Full of comedy. Yes. From Biring offering Vivian’s ‘pangkamot’, to Shunshine Dizon asking ‘paano ang asawa ko’ after having shattered their entire china, to Biring telling her grandson about his drug use, ‘alam na ng Nanay mo, di niya lang alam ang gagawin’, Ricky Lee was at his most brilliant.

But then the screenplay cannot stand on its own alone without the swift rendition of great actors. And as it turned out, the entire cast is a comedy riot. Nora Aunor, Rocco Nacino, Rossana Roces, Chynna Hortaleza, Sunshine Dizon, Gardo Versoza,Tony Mabesa and Miles Kanapi in a scene stealing turn, together created a terrific acting ensemble of remarkable characters all benefitting from the blood of innocent young men and women. Unfortunately, the weakest characters are that of Romnick Sarmenta’s idealistic journalist and his equally idealistic polio-stricken son. There is something really wrong when the most exciting character in a movie deploring moral decay exhales to the sound of ‘hindot’ and ‘libog’ while the most boring are those that insists, “Gusto kong ipagmalaki ng anak ko na hindi tumatanggap ng suhol ang ama niya.”

I can’t think of a more ostracized director than Joel Lamangan. To many, he is a visual assault to the senses especially when pitted against the subtle works of Jeffrey Jeturian or the meticulous rituals of Lav Diaz. In fact, this writer personally thinks Joel should be charged with crimes against humanity for such atrocities as ‘Sidhi’ and ‘Bakit May Kahapon Pa?”.

And like the gathering dark clouds on the horizon, the bad Lamangan threatens. The snatching scene while Biring was eating at a turo-turo was awful, awkward and yeah, puke-worthy. So Lamangan back at his wayward ways in Hustisya? For the most part of the film, NO. He was able to properly tame his elements, creating sufficient drama while maintaining humor in the air as prescribed by Ricky Lee’s script.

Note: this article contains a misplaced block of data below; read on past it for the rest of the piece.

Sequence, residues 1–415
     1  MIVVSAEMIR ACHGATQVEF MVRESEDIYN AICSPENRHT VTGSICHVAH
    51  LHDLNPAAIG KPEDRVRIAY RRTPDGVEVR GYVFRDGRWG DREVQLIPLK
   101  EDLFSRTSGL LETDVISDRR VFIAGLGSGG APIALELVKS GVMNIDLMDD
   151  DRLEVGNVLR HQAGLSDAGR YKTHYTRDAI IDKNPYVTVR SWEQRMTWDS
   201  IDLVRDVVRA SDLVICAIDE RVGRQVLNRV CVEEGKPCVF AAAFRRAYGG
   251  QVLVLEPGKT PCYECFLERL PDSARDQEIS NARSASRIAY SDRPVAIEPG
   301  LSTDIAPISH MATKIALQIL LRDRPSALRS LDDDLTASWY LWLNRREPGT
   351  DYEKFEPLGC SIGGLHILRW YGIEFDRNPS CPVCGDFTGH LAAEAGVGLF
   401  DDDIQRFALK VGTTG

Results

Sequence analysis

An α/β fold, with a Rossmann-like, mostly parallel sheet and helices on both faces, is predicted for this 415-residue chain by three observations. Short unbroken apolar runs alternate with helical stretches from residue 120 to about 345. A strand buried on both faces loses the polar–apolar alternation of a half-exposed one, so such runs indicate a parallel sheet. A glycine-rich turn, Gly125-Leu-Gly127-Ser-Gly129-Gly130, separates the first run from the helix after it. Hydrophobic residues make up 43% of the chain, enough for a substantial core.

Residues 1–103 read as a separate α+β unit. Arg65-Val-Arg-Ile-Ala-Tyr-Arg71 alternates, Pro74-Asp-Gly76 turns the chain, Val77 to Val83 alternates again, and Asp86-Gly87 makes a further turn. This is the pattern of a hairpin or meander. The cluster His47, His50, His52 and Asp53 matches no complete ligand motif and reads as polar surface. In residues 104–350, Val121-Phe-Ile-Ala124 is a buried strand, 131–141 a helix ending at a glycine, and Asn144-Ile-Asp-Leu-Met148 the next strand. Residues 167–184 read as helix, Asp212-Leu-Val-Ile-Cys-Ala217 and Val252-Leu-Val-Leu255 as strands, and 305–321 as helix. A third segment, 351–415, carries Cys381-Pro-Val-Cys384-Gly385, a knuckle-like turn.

And there is the coup de grace that could finally end the mockeries that have hounded Joel Lamangan’s reputation and make critics rethink their regard on the infamous Arnofzky of the Philippines. A glorious slow motion close-up shot that will not easily be forgotten in the annals of Philippine Cinema history.

In the film’s finale, Biring, now the syndicate head is celebrating her birthday in a lavish party attended by the mob bosses, their political sponsors and business partners. In the middle of entertaining guests, Biring was interrupted by Atty Gerald, played with suave and danger by Rocco Nacino, and whispered something to her ear.

Biring laughed uncontrollably but the slow images show miniscule grimaces between wide grins.

“Ano ang ibinulong ni Attorney kay Biring?”

I do not need to know. Because one thing is sure and the grimace betrays the truth. That for choosing a life of crime, no matter what comes in her way, no matter what she hears, no matter what she says, from hereon, she will forever be unhappy. Filthy. In need of a cleaner.

In need of ‘Chief’.